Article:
Marine Conservation Agreements (MCAs) are “any formal or informal understanding in which one or more parties commit to delivering explicit economic incentives in exchange for one or more other parties committing to take certain actions, refrain from certain actions, or transfer certain rights and responsibilities to achieve agreed-upon ocean or coastal conservation goals” (www.mcatools.org). MCAs can contribute to maintaining ecosystem services, by protecting sites from incompatible activities, or by ensuring marine use is done in a sustainable way. MCAs can be entered into by governments, local communities, indigenous groups, private sector and NGOs, and there are increasing examples (e.g. in the Coral Triangle) of MCAs contributing to conservation efforts.

Because of the strong tenure system in Fiji, there are likely to be many examples in country of partnerships between the private sector and local communities, particularly relating to the tourism industry which contributes to positive environmental outcomes. However, there is limited public information on:

  • to what extent MCAs being used in Fiji;
  • what are the best practices being applied;
  • how effective they are; and
  • if MCAs are achieving ecological and socioeconomic outcomes.

There is also no documentation of best practices that can be shared with existing or new tourism operators in Fiji, or with local communities engaging or negotiating private sector partnerships. There is incredible value in looking at MCAs as a complementary tool to achieve biodiversity conservation, fisheries management and/or sustainable financing, especially as the Fiji government revises its National Biodiversity Strategy Action Plan, and meets reporting requirements under the Convention on Biological Diversity (CBD).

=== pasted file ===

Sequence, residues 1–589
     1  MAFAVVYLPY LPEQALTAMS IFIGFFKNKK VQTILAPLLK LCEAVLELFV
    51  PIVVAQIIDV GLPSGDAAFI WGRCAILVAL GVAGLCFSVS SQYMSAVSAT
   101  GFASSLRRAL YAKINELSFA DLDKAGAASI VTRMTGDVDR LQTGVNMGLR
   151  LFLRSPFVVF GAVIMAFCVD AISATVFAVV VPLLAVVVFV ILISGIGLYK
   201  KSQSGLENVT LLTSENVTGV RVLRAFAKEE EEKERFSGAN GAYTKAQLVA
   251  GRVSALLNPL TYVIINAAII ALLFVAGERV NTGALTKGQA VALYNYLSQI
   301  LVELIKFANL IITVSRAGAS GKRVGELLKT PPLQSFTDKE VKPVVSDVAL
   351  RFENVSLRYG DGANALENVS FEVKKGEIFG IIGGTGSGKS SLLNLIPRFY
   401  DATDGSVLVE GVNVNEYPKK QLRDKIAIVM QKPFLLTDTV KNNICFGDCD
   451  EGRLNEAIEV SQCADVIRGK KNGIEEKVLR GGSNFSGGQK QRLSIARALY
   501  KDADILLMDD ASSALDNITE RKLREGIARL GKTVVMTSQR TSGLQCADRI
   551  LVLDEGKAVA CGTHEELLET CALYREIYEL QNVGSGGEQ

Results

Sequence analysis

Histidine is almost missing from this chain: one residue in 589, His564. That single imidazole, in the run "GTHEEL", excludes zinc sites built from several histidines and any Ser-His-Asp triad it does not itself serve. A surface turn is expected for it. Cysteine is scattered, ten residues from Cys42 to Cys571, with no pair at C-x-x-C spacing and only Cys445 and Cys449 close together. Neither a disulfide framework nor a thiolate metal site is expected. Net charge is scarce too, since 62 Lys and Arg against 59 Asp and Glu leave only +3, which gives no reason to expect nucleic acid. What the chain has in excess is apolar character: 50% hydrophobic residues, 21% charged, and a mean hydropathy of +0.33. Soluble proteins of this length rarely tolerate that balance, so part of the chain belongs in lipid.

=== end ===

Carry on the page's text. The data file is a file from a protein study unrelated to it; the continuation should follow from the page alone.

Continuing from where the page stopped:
Over the next 6 months, with support from the John D. and Catherine T. MacArthur Foundation, he Wildlife Conservation Society will be leading a national study to understand the role of ‘marine conservation agreements’ in contributing to biodiversity conservation, fisheries management and/or sustainable financing in Fiji. The results of the study will be collated into a report that will be readily accessible to policy makers and conservation practitioners. National guidelines will be developed to assist existing and future MCAs in Fiji.

If you are interested in learning more about this work, please get in touch with WCS Director, Dr. Sangeeta Mangubhai (email: smangubhai@wcs.org)